That's my two cents worth, Hallac
05-08-2006, 08:09 PM
Terrific subject. Wow! We could just go on and on. But then again...I don't really do that. Ask me how and what it's made of. I love to tell you, but if you ask me what it means to me, I can't talk. It just means too much to me, way to much.
Someone gave me a button once...It said "I am my art."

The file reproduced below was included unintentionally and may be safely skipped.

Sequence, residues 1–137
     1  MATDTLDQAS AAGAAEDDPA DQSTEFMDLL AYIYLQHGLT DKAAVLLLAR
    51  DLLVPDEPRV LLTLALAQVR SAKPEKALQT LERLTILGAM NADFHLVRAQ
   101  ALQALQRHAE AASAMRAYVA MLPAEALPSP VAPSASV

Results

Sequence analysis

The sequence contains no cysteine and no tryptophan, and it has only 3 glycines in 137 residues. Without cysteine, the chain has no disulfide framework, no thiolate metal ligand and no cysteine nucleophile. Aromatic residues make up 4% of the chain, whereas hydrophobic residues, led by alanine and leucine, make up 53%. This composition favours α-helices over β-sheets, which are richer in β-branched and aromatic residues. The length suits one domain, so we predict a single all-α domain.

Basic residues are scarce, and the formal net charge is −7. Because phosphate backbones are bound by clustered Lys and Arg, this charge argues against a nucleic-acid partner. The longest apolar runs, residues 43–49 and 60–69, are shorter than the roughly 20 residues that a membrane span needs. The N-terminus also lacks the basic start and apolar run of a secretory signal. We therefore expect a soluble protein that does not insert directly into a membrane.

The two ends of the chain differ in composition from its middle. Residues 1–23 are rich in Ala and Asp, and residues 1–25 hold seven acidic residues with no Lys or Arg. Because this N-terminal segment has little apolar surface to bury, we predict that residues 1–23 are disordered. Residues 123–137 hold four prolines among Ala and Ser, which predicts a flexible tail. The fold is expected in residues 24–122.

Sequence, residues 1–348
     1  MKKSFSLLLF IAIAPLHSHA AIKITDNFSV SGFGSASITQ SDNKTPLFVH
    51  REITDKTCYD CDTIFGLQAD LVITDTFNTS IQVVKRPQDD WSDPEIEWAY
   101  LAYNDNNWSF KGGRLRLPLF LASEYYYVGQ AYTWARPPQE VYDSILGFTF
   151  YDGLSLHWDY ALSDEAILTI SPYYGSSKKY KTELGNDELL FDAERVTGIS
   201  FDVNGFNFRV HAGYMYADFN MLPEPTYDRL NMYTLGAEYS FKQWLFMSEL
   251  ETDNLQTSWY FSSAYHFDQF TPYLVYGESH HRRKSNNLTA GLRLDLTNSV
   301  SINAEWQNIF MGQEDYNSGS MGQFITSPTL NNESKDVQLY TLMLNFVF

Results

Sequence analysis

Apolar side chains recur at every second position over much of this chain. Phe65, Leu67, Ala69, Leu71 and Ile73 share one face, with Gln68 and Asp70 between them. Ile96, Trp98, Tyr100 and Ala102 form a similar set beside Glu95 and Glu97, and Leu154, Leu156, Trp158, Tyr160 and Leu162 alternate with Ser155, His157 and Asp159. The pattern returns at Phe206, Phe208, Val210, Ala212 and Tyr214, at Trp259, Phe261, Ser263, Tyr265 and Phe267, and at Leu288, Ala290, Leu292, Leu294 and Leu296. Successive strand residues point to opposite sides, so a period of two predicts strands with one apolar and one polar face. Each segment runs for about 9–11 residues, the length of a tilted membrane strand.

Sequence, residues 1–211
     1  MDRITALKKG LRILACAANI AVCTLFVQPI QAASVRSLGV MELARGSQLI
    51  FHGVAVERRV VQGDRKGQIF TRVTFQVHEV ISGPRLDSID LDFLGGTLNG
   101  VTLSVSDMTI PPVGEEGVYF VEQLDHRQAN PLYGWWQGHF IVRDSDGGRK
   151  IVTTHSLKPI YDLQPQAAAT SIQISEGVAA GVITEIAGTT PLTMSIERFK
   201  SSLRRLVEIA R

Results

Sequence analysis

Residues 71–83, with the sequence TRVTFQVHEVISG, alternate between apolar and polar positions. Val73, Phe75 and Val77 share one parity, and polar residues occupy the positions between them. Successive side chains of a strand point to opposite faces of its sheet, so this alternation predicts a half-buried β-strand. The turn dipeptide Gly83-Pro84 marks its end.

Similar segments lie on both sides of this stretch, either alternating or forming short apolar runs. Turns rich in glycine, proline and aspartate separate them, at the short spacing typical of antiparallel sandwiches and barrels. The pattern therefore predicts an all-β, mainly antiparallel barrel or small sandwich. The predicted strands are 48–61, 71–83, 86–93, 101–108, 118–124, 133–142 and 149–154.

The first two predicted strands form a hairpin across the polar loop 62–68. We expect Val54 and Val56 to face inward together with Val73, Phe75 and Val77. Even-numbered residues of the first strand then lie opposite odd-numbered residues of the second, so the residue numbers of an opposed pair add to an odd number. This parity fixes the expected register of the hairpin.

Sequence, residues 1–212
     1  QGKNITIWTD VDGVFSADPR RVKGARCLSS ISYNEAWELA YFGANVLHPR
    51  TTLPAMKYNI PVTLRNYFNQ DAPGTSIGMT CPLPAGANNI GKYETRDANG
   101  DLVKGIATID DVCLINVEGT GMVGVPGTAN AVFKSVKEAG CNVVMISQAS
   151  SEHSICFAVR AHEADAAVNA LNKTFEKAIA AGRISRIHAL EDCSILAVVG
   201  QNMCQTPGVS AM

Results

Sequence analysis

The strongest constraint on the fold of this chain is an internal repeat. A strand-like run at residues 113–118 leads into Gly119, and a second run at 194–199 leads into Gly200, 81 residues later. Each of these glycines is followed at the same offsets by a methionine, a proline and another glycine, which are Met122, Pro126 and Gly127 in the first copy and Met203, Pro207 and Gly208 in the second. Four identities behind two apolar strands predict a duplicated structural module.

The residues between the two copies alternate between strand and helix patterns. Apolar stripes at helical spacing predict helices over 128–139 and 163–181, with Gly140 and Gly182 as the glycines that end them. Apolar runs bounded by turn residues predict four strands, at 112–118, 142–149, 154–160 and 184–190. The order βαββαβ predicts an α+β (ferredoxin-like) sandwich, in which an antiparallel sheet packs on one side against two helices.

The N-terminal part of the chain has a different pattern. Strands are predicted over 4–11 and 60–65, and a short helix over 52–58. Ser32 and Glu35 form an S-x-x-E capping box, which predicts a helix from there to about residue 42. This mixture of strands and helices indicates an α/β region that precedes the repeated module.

That's me and I think most of us.
Choose words that describe your work or a friend's. Listen, you're describing the artist.
For me it's too close to my soul to share with many.
05-08-2006, 08:40 PM
I can talk about my work, most of the time, and I usually don't mind doing so. But I still love this quote:
It is a mistake for a sculptor or a painter to speak or write very often about his job. It releases tension needed for his work.
05-08-2006, 09:23 PM
Yes.........It is much more satisfying to release tension with repetitive hammer blows..... :cool: